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AFTERWORD
Simon Wiesenthal

The Warsaw Ghetto contained 500,000 Jews, who were mainly drawn from Warsaw and its vicinity. Isolated from the world, surrounded by high walls, they were tormented by prohibi tions that, when violated, had only one punishment: death.

As a ruse to facilitate their deportations to Treblinka, the Nazis promised work in the East and thousands volunteered. They had nothing left to lose in the Ghetto. Their lives did not belong to them anymore. it was a life on call, an existence on leave from death.

The original 500,000 inhabitants were reduced to 40,000. They knew what was awaiting them. They had no illusions, no hope. They could no longer be deceived.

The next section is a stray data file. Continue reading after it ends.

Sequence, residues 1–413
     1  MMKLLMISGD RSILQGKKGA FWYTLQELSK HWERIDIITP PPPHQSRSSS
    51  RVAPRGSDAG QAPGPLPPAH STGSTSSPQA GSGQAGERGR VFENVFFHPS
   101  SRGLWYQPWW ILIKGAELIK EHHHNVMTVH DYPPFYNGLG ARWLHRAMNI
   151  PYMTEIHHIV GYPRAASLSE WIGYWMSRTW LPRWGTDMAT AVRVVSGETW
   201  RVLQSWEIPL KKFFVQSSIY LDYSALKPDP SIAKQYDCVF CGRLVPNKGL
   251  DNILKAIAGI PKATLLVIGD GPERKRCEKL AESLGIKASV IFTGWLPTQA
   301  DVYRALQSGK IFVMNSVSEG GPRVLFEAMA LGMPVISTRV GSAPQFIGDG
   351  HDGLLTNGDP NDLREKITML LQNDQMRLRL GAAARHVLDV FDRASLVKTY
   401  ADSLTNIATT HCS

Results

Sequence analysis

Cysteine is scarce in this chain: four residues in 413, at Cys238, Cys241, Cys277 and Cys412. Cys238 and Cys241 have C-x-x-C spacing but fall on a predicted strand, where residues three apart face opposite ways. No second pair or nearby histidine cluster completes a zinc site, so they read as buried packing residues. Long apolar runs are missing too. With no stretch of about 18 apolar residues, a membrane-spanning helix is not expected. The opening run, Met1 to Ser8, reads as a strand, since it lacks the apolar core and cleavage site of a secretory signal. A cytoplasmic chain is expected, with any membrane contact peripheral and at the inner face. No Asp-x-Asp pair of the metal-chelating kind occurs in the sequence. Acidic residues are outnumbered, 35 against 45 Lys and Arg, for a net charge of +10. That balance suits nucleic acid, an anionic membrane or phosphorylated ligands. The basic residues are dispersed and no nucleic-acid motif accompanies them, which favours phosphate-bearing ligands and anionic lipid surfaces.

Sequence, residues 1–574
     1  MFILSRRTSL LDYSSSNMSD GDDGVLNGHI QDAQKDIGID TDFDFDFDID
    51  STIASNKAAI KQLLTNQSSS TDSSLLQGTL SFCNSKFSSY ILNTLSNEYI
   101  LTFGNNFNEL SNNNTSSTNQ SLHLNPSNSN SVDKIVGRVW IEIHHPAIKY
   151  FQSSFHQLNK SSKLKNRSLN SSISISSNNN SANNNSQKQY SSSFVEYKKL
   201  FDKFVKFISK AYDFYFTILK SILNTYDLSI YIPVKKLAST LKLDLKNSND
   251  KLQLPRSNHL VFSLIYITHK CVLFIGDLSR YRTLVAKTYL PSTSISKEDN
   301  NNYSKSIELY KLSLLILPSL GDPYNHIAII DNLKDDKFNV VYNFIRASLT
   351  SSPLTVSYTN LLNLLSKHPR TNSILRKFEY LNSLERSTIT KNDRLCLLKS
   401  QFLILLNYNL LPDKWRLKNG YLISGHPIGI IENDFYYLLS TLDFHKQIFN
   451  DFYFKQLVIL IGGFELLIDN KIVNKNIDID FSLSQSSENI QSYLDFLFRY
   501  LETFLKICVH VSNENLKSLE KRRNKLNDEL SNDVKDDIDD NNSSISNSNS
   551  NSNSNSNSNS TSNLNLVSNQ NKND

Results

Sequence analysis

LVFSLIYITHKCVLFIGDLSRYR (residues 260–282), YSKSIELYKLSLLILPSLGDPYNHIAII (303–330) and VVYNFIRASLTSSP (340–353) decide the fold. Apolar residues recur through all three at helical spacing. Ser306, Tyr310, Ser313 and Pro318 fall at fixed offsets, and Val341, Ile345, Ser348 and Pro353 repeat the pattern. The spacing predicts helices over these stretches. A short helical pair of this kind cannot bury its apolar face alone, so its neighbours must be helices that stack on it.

The SS, no longer able to rely on trickery, decided to bring the Jews out of the Ghetto by force. The last act of the Ghetto's tragedy became the greatest armed uprising of the Jews in 1900 years. A Jewish fighting organization had arisen in the Ghetto. it had united all the political groups in the Ghetto and even had contacts with the Polish underground resistance movement. Their password was: If we must perish, then let it be in battle. Although almost all did fall in battle, the news of the Uprising in the Warsaw Ghetto reached the world.

The greatness of the Uprising in the Warsaw Ghetto was the certain and tragic knowledge of the fighters that they would never be able to win, but would perish under any circumstances.

The memory of the fighters of the Warsaw Ghetto will remain alive in the Jewish people and in all peace loving nations, as long as a love of freedom remains alive in man.


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